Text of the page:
Magma Source defines the shadow zone, that portion of Mount
Mazama that collapsed to form the caldera. Sketch by the author.
In time, the gas dissolved in the magma
that powered the explosive initial eruption is exhausted and magma
reaches the surface as lava. When this happens, lava flows may break out
from the base of the cinder cone and flow away from the volcano. Magma
forming cinder cones is typically basaltic or basaltic-andesite in
composition. Lavas with this composition tend to be relatively hot and
flow readily, sometimes for great distances. Although the most prominent
part of these small volcanic features is the cone that develops,
associated lava flows may actually contain up to ten times more volcanic
material. Since cinder cones are relatively small features, they are
often overlooked. They are, however, the most abundant kind of volcanic
cone—being common worldwide and numbering in the thousands. One report
suggests that at least 400 cinder cones have formed in the Oregon
portion of the Cascade Range alone. Most of those in Crater Lake
National Park are associated with the construction of Mount Mazama.
Wizard Island, of course, was formed in the caldera following the
collapse of Mazama's summit.
Cinder cones generally develop in
volcanic areas that do not have larger volcanoes, or are associated with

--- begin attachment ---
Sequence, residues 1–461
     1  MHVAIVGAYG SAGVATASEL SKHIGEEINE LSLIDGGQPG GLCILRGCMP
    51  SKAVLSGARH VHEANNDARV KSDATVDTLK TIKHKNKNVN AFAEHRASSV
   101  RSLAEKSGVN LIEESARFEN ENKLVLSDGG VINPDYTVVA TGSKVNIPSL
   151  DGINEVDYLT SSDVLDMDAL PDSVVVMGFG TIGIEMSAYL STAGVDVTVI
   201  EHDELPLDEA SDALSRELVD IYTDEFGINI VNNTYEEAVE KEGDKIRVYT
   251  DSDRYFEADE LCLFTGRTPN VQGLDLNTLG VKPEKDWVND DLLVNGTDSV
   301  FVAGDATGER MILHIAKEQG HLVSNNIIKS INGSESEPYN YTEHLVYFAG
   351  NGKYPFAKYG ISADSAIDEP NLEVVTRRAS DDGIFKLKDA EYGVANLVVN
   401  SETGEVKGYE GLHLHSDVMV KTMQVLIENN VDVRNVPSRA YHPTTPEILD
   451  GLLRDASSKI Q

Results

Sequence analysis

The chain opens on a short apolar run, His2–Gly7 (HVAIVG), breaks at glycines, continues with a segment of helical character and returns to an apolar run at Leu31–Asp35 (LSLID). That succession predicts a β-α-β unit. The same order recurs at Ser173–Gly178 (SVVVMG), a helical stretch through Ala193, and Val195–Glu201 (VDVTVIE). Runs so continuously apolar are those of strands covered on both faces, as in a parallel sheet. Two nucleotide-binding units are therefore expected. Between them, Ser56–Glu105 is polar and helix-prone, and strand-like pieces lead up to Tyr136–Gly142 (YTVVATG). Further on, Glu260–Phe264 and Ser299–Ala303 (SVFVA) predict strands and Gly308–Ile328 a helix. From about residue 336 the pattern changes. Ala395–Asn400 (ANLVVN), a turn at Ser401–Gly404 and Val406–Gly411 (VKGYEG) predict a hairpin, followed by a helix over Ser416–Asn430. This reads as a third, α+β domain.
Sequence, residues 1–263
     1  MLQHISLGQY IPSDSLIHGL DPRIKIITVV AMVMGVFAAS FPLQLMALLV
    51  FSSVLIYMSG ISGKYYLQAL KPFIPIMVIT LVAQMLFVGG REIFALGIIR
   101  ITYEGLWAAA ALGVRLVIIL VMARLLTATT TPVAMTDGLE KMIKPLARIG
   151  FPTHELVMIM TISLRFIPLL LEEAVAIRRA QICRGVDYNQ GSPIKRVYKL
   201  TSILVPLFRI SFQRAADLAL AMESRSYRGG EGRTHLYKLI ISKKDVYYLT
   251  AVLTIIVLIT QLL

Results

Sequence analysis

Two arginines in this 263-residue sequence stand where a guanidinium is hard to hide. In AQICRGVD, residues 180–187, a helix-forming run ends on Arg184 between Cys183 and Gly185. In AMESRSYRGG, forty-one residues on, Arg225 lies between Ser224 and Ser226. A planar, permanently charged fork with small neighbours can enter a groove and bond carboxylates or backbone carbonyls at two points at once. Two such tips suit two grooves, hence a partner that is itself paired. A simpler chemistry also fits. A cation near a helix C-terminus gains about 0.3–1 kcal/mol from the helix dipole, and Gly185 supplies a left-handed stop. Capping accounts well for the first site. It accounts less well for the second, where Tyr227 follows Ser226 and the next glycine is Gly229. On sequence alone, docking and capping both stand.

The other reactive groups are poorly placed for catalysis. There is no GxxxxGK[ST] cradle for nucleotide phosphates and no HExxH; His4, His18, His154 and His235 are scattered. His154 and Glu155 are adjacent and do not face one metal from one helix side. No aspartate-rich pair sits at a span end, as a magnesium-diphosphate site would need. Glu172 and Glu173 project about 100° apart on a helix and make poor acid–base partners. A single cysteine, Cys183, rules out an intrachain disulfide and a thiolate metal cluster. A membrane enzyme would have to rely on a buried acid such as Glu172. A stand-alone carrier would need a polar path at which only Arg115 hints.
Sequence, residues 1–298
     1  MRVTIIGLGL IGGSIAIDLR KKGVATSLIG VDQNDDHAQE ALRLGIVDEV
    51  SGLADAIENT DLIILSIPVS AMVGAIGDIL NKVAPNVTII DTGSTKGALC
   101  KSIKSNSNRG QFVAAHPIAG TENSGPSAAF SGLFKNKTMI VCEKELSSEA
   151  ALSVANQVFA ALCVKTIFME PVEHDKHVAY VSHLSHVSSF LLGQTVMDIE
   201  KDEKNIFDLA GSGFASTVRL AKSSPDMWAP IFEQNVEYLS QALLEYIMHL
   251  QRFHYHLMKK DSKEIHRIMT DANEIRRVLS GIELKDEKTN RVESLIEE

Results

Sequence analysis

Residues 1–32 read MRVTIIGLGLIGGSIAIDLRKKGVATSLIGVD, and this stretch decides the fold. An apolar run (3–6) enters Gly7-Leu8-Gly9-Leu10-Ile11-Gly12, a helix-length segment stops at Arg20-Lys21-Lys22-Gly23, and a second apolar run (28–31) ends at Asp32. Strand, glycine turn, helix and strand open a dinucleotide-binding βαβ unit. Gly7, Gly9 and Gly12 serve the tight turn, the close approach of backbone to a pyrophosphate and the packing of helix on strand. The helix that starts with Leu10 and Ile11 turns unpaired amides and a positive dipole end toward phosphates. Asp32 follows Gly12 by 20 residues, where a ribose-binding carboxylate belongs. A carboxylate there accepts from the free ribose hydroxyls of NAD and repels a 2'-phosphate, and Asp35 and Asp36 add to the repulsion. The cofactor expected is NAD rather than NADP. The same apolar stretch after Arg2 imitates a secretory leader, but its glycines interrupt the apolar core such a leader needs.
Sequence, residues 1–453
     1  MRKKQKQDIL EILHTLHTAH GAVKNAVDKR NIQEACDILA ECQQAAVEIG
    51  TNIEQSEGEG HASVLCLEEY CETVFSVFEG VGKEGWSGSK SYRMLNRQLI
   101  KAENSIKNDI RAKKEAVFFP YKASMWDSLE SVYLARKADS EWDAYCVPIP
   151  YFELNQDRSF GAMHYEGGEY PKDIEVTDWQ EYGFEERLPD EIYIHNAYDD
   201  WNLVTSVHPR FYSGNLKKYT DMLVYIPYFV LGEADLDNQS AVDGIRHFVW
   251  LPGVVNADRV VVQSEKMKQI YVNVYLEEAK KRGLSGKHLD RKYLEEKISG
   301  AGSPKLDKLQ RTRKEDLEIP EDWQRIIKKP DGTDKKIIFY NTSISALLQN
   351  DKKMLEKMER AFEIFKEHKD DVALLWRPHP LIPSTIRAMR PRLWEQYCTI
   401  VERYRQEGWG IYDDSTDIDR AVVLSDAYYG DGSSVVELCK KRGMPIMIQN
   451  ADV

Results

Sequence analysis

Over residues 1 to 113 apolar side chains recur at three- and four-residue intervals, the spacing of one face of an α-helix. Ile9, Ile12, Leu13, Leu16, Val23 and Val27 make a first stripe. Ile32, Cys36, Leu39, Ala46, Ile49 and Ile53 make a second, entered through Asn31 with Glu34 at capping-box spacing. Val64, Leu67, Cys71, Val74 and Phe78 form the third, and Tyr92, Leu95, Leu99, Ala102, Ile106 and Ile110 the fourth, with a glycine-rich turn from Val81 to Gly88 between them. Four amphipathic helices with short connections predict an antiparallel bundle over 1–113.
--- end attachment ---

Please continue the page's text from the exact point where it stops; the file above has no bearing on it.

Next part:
more massive volcanic cones. Those related to larger volcanic features,
like shield and strato-volcanoes, usually develop along weak areas in
existing rock. Such zones are often referred to as basement fractures
and tend to be radial to the larger volcano—something like the spokes of
a wheel. Although this is not obvious for the cinder cones at Crater
Lake, connecting certain pairs does produce a crude radial pattern.
Examples are Desert Cone and Red Cone, or Scoria Cone and the adjacent
Cinder cones in the park
The southern flank of Williams Crater along
Rim Drive on the west rim of the caldera. Basaltic magma rising
to the surface vent here appears to have "tapped" some magma
from the Climatic Eruptive Magma Source to produce "mixed magma"
rocks. Photo by the author.
The cinder cones in Crater Lake
National Park fit into two categories: those associated with the small
basaltic shield cones of Union Peak and Timber Crater, and all the
others that are related to Mount Mazama. Hill 6902 and the cinder cone
on its summit appear to be part of the Timber Crater shield volcano in
the northern portion of the park. In a like manner, the southwestern
quadrant holds Castle Point and its summit cones, along with several
smaller cinder cones belonging to the Union Peak shield volcano.
Red Cone and Desert Cone, clustered in
the Pumice Desert in the northwestern section of the park, are good
examples of cones related to Mount Mazama. Both appear symmetrical when
viewed from the North Entrance road, a distance of about a mile. As with
most other cinder cones throughout the park, both have a symmetrical
appearance when viewed from above. Other prominent Mount Mazama cinder
cones include Bald Crater, Crater Peak, Scoria Cone and Maklaks
Crater—the latter is called Diller Cone on older maps.
Howell Williams at Crater Lake in 1965. NPS
photo by Ed Paine.
The cinder cones associated with Mount